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Juvenile Offenders

The social climate American youth grow up in today has changed significantly, compared to their parents or grandparents. More juveniles today live in poverty, are born to unmarried mothers, and live in a nation with greater racial and ethnic diversity.¹ For many of these youth, their parents are still children themselves.¹ Although high school drop out rates have fallen, the rates are still too high, especially in an employment market where unskilled labor is needed less and less.¹

The criminal justice system is faced with the complicated task of protecting the community and holding the youth accountable, while also fostering an atmosphere where youth can learn form their misdoings. It is especially hard to accomplish this when many of the juveniles come from abusive or neglectful families.¹

Population characteristics

The juvenile population is growing.¹ About 70 million Americans — or 1 in 4 — are younger than 18, compared to 69 million in 1995.² Social changes caused by moving populations, changing economic conditions, and changing social climate (i.e., education, health care, etc.) will have an impact on delinquency and the juvenile justic system.²

The juvenile population in the U.S. since 1990 has become more racially and ethnically diverse.¹ According to statistics from a national report on juvenile offenders and victims, 80 per cent of juveniles in the United States were white, while 15 per cent were black, 1 per cent Native American, and 3 per cent Asian.¹

In 1992, 22 per cent of all juveniles in the U.S. lived in poverty. Minority juveniles were more likely to live in poverty than were nonminiority juveniles.¹

Juvenile offenders

Many offenders are not arrested, and many arrested are not referred to juvenile court.¹ Black juvenile arrest rates for marijuana and cocaine violations in recent years have been substantially greater than white arrest rates.¹ An interpretation of this statistic would be that black youth abuse these substances more, however a national self-report study finds that black juveniles are no more likely than white juveniles.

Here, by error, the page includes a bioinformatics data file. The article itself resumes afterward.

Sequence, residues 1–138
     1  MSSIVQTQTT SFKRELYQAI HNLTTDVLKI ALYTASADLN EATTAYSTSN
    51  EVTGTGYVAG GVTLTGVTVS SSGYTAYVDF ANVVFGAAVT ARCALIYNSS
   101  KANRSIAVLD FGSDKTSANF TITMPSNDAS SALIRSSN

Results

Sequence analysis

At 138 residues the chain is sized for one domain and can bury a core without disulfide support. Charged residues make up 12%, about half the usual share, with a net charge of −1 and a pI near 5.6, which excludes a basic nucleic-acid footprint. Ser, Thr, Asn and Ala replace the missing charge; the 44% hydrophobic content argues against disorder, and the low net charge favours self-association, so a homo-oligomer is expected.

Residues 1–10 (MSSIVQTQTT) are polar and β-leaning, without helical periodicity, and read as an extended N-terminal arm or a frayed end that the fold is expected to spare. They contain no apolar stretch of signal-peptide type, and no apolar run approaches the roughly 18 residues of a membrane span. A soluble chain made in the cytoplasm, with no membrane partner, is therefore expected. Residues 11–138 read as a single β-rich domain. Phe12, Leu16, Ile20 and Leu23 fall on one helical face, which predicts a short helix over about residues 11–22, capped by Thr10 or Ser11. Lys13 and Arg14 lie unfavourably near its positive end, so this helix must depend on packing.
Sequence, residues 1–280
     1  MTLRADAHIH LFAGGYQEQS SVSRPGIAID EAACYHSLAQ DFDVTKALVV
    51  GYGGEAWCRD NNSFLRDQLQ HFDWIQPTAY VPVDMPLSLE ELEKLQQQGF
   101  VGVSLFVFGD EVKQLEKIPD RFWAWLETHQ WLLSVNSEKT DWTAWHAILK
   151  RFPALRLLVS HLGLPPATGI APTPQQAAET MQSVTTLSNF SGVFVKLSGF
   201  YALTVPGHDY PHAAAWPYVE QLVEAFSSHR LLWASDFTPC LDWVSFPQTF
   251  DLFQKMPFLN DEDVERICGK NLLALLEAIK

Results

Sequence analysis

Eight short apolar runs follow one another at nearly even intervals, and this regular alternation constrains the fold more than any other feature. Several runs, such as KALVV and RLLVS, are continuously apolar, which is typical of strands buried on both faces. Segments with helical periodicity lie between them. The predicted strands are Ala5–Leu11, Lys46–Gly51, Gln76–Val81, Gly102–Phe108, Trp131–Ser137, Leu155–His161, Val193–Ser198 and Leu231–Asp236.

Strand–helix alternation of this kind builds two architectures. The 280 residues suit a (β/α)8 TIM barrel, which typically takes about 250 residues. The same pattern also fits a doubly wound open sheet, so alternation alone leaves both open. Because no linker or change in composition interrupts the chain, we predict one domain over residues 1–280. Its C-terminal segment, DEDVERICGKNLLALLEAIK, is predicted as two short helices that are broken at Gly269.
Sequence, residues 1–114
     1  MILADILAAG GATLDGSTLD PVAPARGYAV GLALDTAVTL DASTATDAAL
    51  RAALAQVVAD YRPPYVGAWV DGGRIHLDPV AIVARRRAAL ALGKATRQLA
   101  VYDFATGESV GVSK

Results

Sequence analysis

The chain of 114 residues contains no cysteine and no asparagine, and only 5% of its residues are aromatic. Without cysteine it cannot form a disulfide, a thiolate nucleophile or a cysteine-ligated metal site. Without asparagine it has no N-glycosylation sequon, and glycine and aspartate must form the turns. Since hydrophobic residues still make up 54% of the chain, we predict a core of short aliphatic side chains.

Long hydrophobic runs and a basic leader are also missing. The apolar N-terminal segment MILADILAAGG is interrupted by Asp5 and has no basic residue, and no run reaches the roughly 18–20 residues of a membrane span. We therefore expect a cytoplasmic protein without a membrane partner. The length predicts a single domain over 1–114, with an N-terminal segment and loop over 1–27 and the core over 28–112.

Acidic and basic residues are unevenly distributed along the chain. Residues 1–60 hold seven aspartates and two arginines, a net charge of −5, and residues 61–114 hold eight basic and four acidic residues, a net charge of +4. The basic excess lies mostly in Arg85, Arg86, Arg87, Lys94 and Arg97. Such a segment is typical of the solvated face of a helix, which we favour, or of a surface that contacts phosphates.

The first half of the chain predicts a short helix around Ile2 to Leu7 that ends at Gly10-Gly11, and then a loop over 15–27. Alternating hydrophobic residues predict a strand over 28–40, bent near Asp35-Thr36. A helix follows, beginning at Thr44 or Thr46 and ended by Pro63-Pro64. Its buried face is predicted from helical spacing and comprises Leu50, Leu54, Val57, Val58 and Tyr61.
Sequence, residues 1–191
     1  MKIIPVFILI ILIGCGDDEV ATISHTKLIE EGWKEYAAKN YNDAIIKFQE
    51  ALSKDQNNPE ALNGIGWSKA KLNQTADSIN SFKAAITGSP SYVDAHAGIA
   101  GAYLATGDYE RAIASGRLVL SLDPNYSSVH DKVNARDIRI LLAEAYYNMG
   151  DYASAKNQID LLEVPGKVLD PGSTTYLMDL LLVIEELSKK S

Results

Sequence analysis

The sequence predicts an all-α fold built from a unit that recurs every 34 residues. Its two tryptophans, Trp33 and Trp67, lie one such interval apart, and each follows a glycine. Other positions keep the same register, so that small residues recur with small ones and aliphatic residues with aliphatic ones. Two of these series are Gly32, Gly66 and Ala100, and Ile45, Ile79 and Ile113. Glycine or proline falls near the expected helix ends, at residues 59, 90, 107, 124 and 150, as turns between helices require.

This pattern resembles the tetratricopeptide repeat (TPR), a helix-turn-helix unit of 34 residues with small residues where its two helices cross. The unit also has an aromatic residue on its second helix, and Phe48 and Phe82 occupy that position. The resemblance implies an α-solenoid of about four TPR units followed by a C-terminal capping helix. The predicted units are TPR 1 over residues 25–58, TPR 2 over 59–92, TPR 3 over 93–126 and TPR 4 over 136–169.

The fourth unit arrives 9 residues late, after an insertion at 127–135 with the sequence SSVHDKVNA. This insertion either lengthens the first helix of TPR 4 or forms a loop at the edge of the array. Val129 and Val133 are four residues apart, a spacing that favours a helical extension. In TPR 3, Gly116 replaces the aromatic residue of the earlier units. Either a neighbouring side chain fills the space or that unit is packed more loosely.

In 1991, victims attributed about 1 in 4 personal crimes to juvenile offenders. Victims also reported that half of all juvenile offenders were white, while 41 per cent were black and 8 per cent represented another race.¹ This statistic very much skews the social perception that black juveniles are more likely to be or become delinquents. Also in 1991, juveniles were responsible for about 1 in 5 violent crimes, including rape, personal robbery, and aggravated and simple assault.¹ One in 7 serious violent crimes involved juveniles in groups. Most juveniles have broken the law, fewer have an official record, and very few are responsible for the majority of offending.¹




1. Snyder, H. N., & Sickmund, M. (1996). Juvenile offenders and victims: a national report : preview. Washington: Office of Juvenile Justice and Delinquency Prevention.

2. U.S. Department of Justice. Statistical Briefing Book. Juvenile Population Characteristics. Retrieved May 2, 2014, from

Status Offenders/Juvenile Delinquents

Social norms are a mix of informal—often unspoken—rules, guides, and standards of behavior. These nonlegal rules and obligations are followed and fulfilled in part because failure to do so brings upon the transgressor such social sanctions as induced feelings of guilt or shame, gossip, shunning, ostracism, and not infrequent